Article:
Hey, that’s no ordinary pumpkin – it’s a camera! Actually, with a little creative reuse, a pumpkin can be transformed into a pinhole camera. This may be the strangest thing made from a humble leftover pumpkin you’ve seen since master carver, Ray Villafane’s creepy pumpkin creations.
The folks over at National Public Radio set out to make a pinhole camera from a pumpkin. The team reported, after a bit of calculation and guesswork, that their experiment to create a camera from a pumpkin was a success (watch video below).
What is a Pinhole Camera?
The pinhole camera is the simplest of all cameras. It is a small, light-tight box (or pumpkin, in this case), painted black with a tiny hole on the center of one side.
Wise Geek says, ” A pinhole camera functions essentially the same way a stock camera works. The difference is one of resolution. While a lens takes scattered beams of light and focuses them into a cone or ray it them projects on to film (simply speaking), a pinhole works by allowing such a small aperture that the beam coming in is quite small, and therefore remains relatively unscattered. Unscattered beams create clear pictures. The larger the pinhole, the more scattered the light, and the less sharp the resulting image.”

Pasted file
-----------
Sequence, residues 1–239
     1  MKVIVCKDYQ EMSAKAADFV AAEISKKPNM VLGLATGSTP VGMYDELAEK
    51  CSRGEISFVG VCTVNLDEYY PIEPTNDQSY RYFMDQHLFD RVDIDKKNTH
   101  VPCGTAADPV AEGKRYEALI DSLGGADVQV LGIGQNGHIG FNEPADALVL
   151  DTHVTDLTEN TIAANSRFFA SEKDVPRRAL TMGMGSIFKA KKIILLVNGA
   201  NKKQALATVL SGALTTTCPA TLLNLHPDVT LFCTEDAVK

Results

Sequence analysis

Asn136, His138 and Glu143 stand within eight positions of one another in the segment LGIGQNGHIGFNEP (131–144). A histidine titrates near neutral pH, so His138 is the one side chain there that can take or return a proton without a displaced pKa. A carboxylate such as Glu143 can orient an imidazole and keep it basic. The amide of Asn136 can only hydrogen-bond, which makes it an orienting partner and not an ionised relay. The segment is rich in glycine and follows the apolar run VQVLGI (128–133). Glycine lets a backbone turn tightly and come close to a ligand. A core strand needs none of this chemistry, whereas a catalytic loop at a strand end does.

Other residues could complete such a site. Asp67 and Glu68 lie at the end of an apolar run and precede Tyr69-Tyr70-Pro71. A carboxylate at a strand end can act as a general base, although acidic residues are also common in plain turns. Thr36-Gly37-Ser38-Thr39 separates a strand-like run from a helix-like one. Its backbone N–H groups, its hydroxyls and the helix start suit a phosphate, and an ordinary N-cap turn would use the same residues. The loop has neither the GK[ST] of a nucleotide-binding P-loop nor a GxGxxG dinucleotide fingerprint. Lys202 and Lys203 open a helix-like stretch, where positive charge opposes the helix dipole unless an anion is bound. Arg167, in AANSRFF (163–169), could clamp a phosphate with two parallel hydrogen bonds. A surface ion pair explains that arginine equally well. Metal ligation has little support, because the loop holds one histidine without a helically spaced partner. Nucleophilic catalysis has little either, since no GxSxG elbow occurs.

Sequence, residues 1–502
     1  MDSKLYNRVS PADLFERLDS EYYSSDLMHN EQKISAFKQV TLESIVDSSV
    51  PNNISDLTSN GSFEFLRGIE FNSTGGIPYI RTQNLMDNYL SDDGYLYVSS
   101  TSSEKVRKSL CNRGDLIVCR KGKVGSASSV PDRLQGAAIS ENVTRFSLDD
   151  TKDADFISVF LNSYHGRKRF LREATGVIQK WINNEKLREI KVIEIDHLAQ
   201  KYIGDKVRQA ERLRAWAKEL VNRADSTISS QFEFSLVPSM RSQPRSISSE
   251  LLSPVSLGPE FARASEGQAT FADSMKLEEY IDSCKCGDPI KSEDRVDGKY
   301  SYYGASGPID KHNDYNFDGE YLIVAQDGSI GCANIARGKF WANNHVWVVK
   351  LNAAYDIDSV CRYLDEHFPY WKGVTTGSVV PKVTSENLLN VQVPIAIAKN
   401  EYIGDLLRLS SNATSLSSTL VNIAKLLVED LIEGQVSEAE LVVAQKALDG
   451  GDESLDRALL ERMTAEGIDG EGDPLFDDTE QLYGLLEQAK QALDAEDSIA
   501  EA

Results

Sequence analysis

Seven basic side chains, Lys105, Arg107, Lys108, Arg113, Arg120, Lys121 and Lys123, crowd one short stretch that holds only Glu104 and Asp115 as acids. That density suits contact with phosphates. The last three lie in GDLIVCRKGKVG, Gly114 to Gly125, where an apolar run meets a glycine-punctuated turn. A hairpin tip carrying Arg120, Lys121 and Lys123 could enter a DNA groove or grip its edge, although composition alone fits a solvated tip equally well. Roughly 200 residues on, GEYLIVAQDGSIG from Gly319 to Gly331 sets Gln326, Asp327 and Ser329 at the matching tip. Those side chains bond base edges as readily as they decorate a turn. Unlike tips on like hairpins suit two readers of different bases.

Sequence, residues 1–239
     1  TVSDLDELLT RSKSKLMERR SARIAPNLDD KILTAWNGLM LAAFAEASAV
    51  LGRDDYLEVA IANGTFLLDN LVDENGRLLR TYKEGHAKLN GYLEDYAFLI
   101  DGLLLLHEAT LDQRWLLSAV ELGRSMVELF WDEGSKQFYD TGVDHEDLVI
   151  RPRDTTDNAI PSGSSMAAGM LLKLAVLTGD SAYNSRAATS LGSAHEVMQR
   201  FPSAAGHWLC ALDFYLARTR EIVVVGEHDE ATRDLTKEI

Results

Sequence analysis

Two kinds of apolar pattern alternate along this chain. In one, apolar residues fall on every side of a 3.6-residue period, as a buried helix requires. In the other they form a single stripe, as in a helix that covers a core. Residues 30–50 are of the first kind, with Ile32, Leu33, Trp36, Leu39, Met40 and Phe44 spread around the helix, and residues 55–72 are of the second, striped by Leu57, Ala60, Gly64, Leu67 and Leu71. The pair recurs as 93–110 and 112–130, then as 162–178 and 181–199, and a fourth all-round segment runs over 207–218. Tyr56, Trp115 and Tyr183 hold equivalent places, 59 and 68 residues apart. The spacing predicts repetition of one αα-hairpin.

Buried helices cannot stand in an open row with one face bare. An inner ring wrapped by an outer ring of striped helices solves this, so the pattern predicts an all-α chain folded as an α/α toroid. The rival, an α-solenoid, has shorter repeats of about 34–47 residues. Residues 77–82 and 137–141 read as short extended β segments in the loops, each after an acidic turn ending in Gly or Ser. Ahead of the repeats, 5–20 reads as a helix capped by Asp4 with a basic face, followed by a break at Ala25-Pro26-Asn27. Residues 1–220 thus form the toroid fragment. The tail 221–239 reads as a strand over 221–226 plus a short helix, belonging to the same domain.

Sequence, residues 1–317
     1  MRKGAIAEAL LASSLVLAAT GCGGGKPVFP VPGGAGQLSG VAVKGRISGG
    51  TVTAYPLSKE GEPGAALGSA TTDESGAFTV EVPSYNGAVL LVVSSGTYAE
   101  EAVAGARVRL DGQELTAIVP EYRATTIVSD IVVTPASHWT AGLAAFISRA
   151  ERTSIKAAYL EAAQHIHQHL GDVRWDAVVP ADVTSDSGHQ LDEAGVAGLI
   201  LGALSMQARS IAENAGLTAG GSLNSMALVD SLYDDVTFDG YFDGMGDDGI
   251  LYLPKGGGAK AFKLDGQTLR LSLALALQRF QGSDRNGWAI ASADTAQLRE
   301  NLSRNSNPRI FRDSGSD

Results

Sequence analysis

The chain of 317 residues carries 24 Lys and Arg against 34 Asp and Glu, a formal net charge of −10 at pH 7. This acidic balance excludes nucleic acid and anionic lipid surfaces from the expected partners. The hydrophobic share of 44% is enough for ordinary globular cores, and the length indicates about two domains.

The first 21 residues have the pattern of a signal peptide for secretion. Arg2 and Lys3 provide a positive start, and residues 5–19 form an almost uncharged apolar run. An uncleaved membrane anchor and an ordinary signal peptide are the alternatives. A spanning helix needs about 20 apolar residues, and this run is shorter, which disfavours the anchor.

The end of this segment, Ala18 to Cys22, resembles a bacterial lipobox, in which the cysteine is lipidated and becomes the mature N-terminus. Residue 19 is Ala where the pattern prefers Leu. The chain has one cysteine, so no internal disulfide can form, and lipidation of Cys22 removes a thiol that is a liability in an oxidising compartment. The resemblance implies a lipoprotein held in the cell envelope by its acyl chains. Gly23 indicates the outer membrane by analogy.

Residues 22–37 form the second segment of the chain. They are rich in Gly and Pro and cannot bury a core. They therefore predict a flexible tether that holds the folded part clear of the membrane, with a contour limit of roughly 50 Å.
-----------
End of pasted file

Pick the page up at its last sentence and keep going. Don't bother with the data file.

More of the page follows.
Looking for a little post-Halloween fun? Here are the materials you’ll need to transform a pumpkin into a camera.
Access to a darkroom
Watch this great video that gives the step-by-step directions, and shows the highlights of making a pumpkin pinhole camera.
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